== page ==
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When blues veteran and Kingdom Brothers’ founder Bob Walther formed the group in 2005, he wanted to do something really different on the St. Louis music scene. “What you will not hear in our set list is ‘Sweet Home Chicago’ and ‘Rock Me Baby’,” says Walther.  “Both are fine songs but can be heard seven nights a week in every blues club in the area. Instead, we cover our favorite cuts by the blues greats – Otis Rush, Freddie and Albert King, Bernard Allison, Guitar Shorty…to name only a few.”

A fresh approach was a bit risky but has paid huge dividends for the band. Also featured in Kingdom Brothers’ set list are traditional gospel/blues numbers made popular by groups like The Blind Boys of Alabama. Kingdom Brothers’ original songs, which include the title track from the band’s 2008 CD release 'Shine a Light', continue to win listeners over as well.

Notable local Kingdom Brothers’ events have included a TV appearance on KNLC Channel 24; a July 4th ‘08 main stage performance in Granite City before an estimated crowd of five-thousand; two very successful nights at BB's Jazz, Blues and Soups; and a recent blow-out show at Harrah's Casino.
The line up of lead guitarist Ron Roskowske, vocalist Tom Wilson and bassist Walther have logged a combined one-hundred-five years of major blues performances. Roskowske, easily recognized for his high-intensity electric leads and smooth bottle-neck slide solos, is just as comfortable accompanying Wilson’s soulful vocals with some tasteful flat-top work, a la Robert Johnson. Walther's experience includes years alongside piano legend Johnnie Johnson. Stan Gill, a veteran keyboardist and formerly the stage manager for a major label; singing songwriter/guitarist Chris Shepherd; and award-winning drummer JR Payne round out the group.
Shine a Light
is receiving FM radio play on four continents and has received excellent reviews here in the U.S. and in Europe. Kingdom Brothers continues to be a major crowd draw in St. Louis as they expand their listener base beyond just hardcore blues fans


"I’m at the crossroads again. About nine years ago I was in LA, went to B.B. King’s and caught 'Brothers N’ Blues'. I remember being blown away as I listened to a Christian based blues band, and also remember thinking it was a paradox within itself. Now nine years later and in St. Louis I keep hearing about this band tearing it up around town, the Kingdom Brothers, and yes, a Christian based blues band. With much anticipation I got their newest CD from my buddy, Bob Walther (Bass)...

"Musically, this was nothing short of a great album with some blues highlights. The rich soulful vocals, plenty of guitar, piano boogie woogie and prominent bass make it an enjoyable listen. I liked it. In particular 'Shine A Light' was guitar-o-plenty with a solid bass and piano. 'You Was Wrong' is a terrific version of ZZ Hill's song with killer guitar. 'Bad Love' is a cool, Robert Cray-like song and among my favorites. 'Blind Man' takes us on a blues journey to Chicago with guitar and organ each taking shots at solos. 'Feel Like Crying' tastes like Freddie King with fancy fret work that left my mouth watering for more. The Kingdom Brothers bring together a mix of R&B, Blues and Gospel from their hometown, St. Louis."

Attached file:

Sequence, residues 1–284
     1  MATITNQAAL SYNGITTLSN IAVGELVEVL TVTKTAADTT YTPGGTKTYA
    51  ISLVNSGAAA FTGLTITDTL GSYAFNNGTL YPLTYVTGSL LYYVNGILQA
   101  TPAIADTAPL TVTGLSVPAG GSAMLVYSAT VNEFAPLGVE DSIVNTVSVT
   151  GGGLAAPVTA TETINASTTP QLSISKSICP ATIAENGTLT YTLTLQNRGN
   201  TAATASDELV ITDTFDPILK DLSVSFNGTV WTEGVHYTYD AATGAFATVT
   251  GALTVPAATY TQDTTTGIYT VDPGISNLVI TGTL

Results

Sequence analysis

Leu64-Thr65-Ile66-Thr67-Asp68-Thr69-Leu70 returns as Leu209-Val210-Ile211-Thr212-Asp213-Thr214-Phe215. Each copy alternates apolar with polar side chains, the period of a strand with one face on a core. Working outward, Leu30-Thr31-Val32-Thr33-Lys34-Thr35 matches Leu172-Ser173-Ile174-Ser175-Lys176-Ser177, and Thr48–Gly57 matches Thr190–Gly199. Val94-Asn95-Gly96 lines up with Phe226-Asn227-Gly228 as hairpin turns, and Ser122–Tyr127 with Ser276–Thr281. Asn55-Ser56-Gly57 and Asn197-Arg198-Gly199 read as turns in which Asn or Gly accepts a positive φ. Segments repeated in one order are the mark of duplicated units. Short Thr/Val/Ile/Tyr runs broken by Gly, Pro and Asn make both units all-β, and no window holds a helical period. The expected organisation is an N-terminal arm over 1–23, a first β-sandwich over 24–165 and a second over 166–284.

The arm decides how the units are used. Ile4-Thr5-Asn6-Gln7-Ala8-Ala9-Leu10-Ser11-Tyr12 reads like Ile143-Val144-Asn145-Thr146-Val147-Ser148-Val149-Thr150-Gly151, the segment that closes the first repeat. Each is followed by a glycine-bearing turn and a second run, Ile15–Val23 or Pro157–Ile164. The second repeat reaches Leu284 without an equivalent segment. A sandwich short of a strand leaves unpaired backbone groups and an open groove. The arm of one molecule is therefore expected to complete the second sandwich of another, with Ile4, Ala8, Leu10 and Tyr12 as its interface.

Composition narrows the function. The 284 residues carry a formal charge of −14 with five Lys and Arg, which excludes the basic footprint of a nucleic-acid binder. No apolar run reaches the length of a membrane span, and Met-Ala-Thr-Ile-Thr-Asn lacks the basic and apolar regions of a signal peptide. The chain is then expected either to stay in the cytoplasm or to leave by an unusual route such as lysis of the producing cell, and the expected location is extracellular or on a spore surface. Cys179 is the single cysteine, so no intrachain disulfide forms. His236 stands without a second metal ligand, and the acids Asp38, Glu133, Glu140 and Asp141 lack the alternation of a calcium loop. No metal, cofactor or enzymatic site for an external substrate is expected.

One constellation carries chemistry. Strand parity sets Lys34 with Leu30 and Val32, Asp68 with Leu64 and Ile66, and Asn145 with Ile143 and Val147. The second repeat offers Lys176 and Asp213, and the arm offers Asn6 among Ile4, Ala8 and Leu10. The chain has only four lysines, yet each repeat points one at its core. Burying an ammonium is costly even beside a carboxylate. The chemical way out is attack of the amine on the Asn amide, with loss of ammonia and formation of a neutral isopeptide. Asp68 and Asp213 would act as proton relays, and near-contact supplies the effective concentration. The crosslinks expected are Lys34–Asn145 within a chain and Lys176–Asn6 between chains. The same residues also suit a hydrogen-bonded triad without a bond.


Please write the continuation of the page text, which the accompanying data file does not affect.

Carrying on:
-- Cornbread


"This blues band from Saint Louis, is not an ordinary blues band. They use, as it happens, the devil’s music to spread the message.  You see it already if you undertake their CD. On the cover stands a church building, and the title lies there also, 'Shine A Light'.  This is real blues. Only their texts indicate the direction of the sky, and then still, outside the title song and the following 'Testify,' nowhere can be found an indication on sermons. (I think this means the CD doesn’t preach at you – SG)
"The voice of Tom Wilson, the lead vocalist is strong and soulful in the compelling title song, which opens the Kingdom Brothers disc. 'Testify' with Chris Shepherd on the vocals shows that he also stands well as vocalist and guitarist. With a sound which sometimes brings Santana to mind, he makes of this song, in a way, a modern-sounding poppy blues song. Stan Gill raises that Santana quality still more. The well-known blues traditional 'Blind Man' gets also an in-depth, modern implementation. Shepherd himself wrote and prayed 'Bad Love,' still another demonstration of the Santana inspiration, whereas Stevie Wonder’s 'Higher Ground' gives occasion to guitarist Roskowske to demonstrate southern slide guitar. 'Turn Around', a song which was written by several band members, sits also with Southern rock influences.
"'You Was Wrong' by ZZ Hill is based on the version of Freddie King from his Texas Cannonball CD, still one of my favorite blues discs. Chris Shepherd’s 'Feel Like Crying' validates his voice and soul.
"The southern slide guitar with Wilson’s soulful vocal, reminding you of Terry Evans’ voice, give  'Nobody’s Fault But Mine' a feel and sound reminding us of Ry Cooder’s best pre-recordings, and without doubt also the best song of this disc.
"The instrumental New Orleans classic, The Meters 'Cissy Strut' gets a real Allman Brothers sound, and concludes Shine A Light of the Kingdom Brothers in more than a convincing manner. You would convert you for less. Hallelujah!"

-- RON at 'Rootstime' - Belgium (Sept. '08) www.rootstime.be


Feel Like Crying
You Was Wrong
Nobody's Fault But Mine




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